Brexit happened and it seemed earth-shattering from abroad. The live updates escalated to the point of farce: Nigel Farage triumphantly soapboxing his way through press junkets, clownish Boris Johnson becoming clickbait on countless occasions and, of course, the coverage of Trump’s timely and bizarre Scottish interlude. David Cameron went so far as to step down, hoping everyone would forget Brexit was his idea in the first place. The European Union seemed to be cracking at its very foundations as the United Kingdom theatrically made its exit. Visiting the UK, one would expect some sort of cultural shift after this ostensible cataclysm. Oddly, no one wanted to speak of Brexit.
A Saturday afternoon at London’s 10th Bermondsey Street Festival was light-hearted. Obviously, attendees did not want to engage in political talk. It seemed intrusive to do so since Brexit has become a topic akin to taxes or something equally tedious. The UK’s departure is the largest disruption in EU history, but that does not necessarily mean that Brits have felt the change hit home. Yes, there are demonstrations and a continuation of dialogue, even violence, yet not every public gathering engages in politics. Post-Brexit is still unfolding and opinions are incubating. Though, what is being British if one’s country is no longer attached to the EU or, even, they feel disconnected from their country’s own politics? Do these politics even matter to the average person’s day-to-day life, or is Brexit simply too chaotic to mull over? These questions are yet to be answered as street culture, dance, art and the weekend are seemingly untouched: a circus separate from the political vaudeville. Here’s a glance of the Bermondsey Street Festival.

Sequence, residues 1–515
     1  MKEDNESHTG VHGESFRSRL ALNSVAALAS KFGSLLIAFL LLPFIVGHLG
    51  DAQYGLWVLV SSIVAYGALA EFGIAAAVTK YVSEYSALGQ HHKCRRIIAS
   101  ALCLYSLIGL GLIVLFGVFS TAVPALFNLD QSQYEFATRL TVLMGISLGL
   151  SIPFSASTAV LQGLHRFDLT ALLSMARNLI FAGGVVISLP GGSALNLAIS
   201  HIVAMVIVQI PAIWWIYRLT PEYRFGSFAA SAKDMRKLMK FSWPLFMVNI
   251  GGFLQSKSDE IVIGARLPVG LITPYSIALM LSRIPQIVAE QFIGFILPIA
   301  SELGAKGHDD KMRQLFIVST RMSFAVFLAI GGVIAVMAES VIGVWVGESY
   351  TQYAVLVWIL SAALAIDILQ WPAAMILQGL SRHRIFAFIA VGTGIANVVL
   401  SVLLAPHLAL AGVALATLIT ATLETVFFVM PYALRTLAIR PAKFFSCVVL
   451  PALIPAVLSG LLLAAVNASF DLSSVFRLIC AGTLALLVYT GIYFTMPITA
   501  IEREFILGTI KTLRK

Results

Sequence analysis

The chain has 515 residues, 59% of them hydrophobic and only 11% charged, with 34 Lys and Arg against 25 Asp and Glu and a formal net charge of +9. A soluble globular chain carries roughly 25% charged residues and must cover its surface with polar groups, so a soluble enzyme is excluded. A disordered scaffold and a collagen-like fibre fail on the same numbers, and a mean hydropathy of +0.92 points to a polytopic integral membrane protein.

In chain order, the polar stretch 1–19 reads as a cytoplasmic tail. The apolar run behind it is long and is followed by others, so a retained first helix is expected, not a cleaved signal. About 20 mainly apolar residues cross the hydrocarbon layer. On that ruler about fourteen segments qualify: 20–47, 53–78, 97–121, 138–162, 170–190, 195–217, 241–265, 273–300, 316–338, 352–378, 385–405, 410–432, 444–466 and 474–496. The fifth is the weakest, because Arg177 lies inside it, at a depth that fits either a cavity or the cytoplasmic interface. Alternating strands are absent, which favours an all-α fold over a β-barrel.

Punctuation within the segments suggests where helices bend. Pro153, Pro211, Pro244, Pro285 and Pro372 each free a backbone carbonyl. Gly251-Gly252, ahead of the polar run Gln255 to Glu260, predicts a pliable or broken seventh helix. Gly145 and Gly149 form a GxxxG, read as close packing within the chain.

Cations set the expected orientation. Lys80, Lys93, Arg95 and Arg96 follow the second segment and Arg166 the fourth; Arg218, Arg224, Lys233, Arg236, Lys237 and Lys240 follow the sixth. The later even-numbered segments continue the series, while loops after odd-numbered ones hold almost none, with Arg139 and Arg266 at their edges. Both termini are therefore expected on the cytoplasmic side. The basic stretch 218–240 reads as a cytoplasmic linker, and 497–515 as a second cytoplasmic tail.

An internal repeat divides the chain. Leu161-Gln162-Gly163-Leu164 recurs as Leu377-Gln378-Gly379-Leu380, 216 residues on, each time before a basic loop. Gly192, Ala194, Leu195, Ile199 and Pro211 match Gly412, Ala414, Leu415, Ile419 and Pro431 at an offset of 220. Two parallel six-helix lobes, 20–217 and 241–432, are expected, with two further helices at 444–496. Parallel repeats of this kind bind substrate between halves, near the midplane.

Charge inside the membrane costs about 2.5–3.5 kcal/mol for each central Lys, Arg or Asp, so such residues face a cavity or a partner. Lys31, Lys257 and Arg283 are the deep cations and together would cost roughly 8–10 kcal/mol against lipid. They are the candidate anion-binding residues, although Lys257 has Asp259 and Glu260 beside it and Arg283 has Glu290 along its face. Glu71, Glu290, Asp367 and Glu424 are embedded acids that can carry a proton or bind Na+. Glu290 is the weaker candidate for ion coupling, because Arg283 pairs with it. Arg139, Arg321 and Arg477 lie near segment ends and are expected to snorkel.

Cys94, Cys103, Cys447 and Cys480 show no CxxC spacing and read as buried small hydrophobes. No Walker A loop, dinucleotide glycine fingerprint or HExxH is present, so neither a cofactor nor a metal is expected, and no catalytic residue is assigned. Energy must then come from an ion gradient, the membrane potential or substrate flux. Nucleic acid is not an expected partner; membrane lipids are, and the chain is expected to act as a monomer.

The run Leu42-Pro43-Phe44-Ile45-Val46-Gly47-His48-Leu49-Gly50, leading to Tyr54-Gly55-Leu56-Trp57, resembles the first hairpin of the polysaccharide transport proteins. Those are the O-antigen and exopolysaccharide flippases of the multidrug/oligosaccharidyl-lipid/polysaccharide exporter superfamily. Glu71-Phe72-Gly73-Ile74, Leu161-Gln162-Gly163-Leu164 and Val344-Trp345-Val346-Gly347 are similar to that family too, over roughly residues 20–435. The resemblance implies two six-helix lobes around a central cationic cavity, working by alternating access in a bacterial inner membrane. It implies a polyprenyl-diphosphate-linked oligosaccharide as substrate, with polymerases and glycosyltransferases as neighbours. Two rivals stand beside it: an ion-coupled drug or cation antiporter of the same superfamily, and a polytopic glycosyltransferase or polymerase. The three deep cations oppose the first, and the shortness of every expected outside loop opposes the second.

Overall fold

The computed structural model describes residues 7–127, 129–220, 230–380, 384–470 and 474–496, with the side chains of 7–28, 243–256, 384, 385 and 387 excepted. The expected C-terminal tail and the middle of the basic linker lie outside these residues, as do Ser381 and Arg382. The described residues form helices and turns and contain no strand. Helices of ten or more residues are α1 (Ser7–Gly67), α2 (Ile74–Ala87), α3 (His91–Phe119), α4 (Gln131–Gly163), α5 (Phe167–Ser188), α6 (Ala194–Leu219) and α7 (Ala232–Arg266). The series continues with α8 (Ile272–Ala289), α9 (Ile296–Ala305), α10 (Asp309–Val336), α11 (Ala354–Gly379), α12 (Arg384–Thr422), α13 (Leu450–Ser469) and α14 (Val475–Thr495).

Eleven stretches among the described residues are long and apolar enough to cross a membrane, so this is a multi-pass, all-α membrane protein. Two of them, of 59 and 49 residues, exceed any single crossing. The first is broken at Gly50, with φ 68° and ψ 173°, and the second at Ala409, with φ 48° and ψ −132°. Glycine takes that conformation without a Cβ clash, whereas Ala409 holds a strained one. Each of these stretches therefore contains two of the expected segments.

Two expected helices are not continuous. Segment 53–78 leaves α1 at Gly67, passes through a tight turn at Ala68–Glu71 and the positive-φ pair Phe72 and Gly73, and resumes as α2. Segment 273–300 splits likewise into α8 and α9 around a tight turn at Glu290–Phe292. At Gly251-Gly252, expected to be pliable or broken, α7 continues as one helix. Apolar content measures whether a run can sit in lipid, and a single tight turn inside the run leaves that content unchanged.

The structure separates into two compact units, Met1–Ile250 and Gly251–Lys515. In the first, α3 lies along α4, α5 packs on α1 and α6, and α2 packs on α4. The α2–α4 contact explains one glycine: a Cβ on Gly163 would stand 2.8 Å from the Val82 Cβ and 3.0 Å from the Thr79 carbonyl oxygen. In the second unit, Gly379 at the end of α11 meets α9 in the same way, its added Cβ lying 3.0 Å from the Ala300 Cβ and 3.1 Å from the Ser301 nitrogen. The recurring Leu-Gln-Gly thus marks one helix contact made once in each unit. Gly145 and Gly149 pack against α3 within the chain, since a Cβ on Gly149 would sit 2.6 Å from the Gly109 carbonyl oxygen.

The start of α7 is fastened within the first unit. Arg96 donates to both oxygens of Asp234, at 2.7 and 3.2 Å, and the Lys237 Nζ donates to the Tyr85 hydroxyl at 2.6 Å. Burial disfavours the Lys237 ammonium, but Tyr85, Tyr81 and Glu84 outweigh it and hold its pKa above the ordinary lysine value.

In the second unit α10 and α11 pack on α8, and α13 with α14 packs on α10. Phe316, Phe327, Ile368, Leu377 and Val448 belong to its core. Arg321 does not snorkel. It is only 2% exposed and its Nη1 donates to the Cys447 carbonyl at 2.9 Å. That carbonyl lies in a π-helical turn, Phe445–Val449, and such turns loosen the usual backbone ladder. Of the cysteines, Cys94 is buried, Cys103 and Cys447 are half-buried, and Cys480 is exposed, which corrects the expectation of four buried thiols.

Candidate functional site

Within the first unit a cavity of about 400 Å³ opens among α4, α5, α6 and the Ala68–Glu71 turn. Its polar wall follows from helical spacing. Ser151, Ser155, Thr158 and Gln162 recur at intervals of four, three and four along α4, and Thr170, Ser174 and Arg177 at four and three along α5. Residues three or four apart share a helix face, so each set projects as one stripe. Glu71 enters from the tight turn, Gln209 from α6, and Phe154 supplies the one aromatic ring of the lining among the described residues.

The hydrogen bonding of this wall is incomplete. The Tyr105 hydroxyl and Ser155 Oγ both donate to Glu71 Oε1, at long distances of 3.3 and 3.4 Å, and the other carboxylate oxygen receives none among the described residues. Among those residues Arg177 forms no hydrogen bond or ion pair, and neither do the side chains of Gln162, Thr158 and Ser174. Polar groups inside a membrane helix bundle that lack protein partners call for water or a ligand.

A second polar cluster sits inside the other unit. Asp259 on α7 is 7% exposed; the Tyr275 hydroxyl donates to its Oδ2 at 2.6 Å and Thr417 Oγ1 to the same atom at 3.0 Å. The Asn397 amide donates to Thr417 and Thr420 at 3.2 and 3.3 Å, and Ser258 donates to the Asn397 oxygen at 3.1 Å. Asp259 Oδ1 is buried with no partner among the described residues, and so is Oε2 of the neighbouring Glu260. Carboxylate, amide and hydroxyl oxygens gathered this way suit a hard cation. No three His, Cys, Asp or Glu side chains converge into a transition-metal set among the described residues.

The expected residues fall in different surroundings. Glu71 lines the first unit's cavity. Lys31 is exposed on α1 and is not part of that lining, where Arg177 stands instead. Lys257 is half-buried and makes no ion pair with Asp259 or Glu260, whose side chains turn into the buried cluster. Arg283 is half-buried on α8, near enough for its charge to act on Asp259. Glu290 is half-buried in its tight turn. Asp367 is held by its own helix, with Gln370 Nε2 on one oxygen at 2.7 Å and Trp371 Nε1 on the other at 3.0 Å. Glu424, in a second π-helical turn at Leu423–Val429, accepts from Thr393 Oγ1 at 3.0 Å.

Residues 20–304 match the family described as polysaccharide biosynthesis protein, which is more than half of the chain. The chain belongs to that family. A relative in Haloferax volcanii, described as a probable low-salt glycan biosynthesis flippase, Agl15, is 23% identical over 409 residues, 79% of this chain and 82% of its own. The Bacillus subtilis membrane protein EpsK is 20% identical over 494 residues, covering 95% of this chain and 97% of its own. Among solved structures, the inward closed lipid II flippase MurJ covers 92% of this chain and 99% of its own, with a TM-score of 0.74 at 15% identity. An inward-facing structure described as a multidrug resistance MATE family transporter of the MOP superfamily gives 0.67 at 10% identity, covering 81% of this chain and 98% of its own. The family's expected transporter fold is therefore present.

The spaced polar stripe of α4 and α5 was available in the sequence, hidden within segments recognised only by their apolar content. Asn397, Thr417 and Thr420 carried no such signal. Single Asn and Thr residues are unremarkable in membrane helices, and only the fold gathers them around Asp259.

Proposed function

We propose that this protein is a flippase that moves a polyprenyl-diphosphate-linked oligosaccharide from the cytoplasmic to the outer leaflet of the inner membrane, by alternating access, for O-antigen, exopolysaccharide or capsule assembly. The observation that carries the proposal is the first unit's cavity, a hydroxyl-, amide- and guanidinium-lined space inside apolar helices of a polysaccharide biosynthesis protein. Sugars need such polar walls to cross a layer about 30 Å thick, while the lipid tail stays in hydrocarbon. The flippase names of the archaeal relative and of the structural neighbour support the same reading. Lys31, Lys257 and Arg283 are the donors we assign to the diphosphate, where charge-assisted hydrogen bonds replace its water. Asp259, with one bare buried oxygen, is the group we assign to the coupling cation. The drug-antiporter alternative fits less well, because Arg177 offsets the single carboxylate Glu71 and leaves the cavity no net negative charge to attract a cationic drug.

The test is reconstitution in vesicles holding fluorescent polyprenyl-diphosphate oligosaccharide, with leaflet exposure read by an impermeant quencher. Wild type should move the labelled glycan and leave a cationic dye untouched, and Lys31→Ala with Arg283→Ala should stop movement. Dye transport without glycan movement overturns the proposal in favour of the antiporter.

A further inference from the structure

Images: Mariah Katz